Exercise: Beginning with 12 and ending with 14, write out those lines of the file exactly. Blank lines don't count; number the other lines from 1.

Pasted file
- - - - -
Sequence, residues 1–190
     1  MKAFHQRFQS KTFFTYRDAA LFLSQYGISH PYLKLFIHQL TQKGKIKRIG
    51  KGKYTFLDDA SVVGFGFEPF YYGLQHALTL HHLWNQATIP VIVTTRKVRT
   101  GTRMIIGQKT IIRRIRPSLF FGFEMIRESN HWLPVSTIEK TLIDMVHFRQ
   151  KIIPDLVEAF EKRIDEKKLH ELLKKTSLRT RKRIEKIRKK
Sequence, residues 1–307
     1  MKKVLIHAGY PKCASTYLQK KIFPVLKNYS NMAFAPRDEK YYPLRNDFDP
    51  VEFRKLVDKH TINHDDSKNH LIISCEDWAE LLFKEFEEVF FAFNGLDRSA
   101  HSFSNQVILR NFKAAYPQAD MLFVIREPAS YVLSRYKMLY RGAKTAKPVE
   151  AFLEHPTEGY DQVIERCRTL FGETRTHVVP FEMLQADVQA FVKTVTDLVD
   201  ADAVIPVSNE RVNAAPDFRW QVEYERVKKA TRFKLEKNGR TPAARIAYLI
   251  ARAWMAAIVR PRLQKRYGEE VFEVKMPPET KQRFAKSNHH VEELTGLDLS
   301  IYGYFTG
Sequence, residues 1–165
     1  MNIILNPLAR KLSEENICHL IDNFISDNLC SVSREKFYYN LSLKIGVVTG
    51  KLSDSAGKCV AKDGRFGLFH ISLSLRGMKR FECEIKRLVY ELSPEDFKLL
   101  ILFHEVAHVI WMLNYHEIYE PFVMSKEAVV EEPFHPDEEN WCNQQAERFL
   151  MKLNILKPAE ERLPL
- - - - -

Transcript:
   251  ARAWMAAIVR PRLQKRYGEE VFEVKMPPET KQRFAKSNHH VEELTGLDLS
   301  IYGYFTG
Sequence, residues 1–165